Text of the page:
Somi offers easy listening and intelligent discourse

This post is written by Moses Serubiri

When Somi sings, what has been classified as smooth jazz, with silky vocal work, offers a meditation on difficult migrations and the loss of cultural heritage. The foil of smooth jazz allows for easy listening alongside a potent reflection on African identity. She calls it “holistic new African soul.”

The stories of diaspora Africans, specifically in the second half of the 20th century, are explored by Somi, an American jazz singer with Rwandan and Ugandan roots. Besides the well-known music of Miriam Makeba, Hugh Masekela, Angelique Kidjo or Baaba Maal, few musicians have dealt with this experience of migration and loss.

Her second album, Red Soil in My Eyes, poignantly mediates the memory of home with this familiar dislocation, and was a bulwark for my own bad travels in Malaysia. Where racial segregation against blacks was isolating, Somi’s voice strengthened me: “The ancestors are calling me / I can see Acacia trees” on Red Soil in My Eyes, and “Mwana wangye garuka garuka (My child return, return home)” on If The Rains Come First.

On the cover of Red Soil, Somi wears a flowing satin dress and waist length dreadlocks. Beach sand pours from her hands, and escapes into the wind. The image remains glamorous while hinting at the complex philosophy behind the album.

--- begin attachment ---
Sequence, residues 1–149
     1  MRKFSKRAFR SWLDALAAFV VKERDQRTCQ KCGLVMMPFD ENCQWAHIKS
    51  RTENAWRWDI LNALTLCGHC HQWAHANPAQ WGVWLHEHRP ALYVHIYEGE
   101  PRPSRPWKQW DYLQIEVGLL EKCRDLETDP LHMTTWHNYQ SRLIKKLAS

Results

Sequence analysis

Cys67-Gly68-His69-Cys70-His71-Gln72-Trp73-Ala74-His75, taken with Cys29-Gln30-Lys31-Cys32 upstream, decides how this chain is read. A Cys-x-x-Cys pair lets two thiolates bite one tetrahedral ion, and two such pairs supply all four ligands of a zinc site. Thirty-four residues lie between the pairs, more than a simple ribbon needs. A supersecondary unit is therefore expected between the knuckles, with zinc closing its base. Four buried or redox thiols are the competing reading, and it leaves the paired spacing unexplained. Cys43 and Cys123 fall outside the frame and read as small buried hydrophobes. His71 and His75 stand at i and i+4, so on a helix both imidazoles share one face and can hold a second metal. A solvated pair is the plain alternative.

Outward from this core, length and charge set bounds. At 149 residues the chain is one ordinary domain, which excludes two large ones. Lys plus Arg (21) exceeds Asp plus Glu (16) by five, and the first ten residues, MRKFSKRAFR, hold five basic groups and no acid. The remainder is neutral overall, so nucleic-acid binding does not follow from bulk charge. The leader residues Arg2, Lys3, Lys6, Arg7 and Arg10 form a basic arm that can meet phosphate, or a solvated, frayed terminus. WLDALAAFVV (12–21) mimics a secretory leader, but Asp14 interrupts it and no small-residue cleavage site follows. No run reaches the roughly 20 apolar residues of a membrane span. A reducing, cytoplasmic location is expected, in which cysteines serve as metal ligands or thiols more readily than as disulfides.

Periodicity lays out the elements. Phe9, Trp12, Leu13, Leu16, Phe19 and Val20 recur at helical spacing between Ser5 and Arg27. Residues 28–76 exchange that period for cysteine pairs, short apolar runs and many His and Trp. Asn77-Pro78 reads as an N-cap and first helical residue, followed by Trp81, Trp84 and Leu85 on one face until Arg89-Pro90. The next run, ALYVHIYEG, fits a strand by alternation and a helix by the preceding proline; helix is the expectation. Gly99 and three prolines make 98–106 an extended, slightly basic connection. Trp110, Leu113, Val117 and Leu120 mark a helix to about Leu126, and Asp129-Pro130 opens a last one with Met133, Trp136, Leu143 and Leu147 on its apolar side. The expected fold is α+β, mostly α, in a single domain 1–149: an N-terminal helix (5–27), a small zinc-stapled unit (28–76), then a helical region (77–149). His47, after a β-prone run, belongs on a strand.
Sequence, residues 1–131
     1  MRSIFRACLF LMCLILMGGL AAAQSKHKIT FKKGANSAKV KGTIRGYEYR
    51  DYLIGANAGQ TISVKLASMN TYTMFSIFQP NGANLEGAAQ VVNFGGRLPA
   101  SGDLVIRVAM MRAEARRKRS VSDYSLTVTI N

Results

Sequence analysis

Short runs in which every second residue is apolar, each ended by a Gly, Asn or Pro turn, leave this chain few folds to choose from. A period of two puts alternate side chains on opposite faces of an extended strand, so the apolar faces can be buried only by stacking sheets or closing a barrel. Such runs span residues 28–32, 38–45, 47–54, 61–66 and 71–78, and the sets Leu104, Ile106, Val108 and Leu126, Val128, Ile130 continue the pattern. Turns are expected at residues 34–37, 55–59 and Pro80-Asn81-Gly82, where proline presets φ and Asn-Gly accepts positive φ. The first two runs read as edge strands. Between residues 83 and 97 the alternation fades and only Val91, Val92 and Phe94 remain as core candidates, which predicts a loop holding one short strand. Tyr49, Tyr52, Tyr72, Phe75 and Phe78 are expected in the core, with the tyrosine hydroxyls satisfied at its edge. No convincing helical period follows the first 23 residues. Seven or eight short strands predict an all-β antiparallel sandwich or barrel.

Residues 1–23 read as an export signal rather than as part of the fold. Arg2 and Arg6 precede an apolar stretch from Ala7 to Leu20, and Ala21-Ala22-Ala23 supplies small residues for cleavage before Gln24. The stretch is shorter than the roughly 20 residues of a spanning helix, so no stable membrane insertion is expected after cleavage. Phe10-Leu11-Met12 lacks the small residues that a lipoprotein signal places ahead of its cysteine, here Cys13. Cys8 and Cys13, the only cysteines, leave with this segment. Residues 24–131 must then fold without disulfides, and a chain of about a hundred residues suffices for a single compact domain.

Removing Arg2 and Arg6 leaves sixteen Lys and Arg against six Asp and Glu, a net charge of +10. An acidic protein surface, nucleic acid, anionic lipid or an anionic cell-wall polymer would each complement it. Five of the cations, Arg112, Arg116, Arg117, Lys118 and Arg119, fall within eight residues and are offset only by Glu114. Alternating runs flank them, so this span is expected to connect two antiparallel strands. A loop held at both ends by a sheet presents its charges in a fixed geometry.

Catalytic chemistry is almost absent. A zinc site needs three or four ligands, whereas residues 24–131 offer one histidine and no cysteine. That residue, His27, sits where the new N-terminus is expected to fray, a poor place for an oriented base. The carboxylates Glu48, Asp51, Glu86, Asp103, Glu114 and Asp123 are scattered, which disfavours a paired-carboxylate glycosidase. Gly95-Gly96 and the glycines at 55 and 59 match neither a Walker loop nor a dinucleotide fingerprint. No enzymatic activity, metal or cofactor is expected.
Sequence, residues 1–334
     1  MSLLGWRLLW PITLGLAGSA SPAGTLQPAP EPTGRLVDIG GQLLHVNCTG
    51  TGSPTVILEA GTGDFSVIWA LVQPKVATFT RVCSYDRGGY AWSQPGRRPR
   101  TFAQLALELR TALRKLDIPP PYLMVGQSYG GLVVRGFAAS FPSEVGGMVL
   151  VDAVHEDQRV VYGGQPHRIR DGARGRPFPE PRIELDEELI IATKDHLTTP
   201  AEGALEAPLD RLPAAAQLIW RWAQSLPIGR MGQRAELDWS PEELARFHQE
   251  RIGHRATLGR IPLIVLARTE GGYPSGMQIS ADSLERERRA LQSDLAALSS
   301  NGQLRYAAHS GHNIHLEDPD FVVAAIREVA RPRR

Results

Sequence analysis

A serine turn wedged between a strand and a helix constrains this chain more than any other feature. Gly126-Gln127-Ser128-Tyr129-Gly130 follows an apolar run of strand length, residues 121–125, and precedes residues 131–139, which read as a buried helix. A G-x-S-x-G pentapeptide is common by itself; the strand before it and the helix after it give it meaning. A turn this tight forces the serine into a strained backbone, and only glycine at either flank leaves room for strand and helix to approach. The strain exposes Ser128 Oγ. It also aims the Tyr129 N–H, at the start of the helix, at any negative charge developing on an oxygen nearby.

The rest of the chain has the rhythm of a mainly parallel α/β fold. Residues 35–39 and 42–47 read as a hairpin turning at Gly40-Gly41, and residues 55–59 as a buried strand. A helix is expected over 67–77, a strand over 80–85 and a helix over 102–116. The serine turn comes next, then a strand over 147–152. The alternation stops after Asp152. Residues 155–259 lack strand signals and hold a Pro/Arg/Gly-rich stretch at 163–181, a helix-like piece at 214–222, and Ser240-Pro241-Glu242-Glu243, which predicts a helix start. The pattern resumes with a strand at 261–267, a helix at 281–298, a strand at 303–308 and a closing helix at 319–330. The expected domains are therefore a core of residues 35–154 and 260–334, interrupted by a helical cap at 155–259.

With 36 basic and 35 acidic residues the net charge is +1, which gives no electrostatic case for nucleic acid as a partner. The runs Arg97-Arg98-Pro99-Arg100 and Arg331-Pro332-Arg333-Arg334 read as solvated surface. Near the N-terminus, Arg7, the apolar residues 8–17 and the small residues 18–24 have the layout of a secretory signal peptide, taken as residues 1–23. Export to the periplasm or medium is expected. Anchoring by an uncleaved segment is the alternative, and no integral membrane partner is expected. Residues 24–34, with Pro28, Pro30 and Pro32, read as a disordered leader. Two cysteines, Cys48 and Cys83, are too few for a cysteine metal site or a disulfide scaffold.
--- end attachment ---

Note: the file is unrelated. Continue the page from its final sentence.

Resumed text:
The great success of Somi’s music is the masterful combination of easy listening and intelligent discourse. Songs like Ingele, Red Soil in My Eyes, and African Lady musically borrow from the torch singing style of American singers like Sarah Vaughan and Ethel Waters, while incorporating African languages and lyrics. The mainstream success of Somi’s music can be attributed to its high-culture jazz and classical singing, and her band’s condensation of both African and Jazz rhythms. Somi has worked with Hugh Masekela, Angelique Kidjo, and Common.

Influenced by recent African history, Somi’s albums move between the uncomfortable domains of self-cognition, desire, and loss. Her musical travels in Paris, Johannesburg and Lagos demonstrate a Pan Africanism of cosmopolitan nature. In this sense, Somi was born to uphold her father’s reputation for travel and academic acumen, as he moved from East Africa to the U.S to Zambia and back to the U.S- with likely many places in between.

She was classically trained in both voice and cello. Yet Somi’s oeuvre hardly leans towards the American songbook, rooted in reinterpretations of African music via contemporary jazz. Much of her musical output has an emphasis on lyrical poetry (Wallflower Blues, Hot Blue) and Spoken Word (When Rivers Cry).

Indeed, we are only witnessing the evolution of a musician between two continents, and whose music shades light on the in-between of Africa and America. Her live performance at the historical Village Vanguard in New York, includes a favorite of my Bob Marley songs, ‘Waiting in Vain’. In a stripped-down arrangement with only guitar and voice, it brings the listener to hear Marley’s huge vocal lyricism, and just how intimate his work was. In her own rendition, we recognize the immediacy of Somi’s vocal abilities and her interpretative powers–the mark of a real jazz singer.

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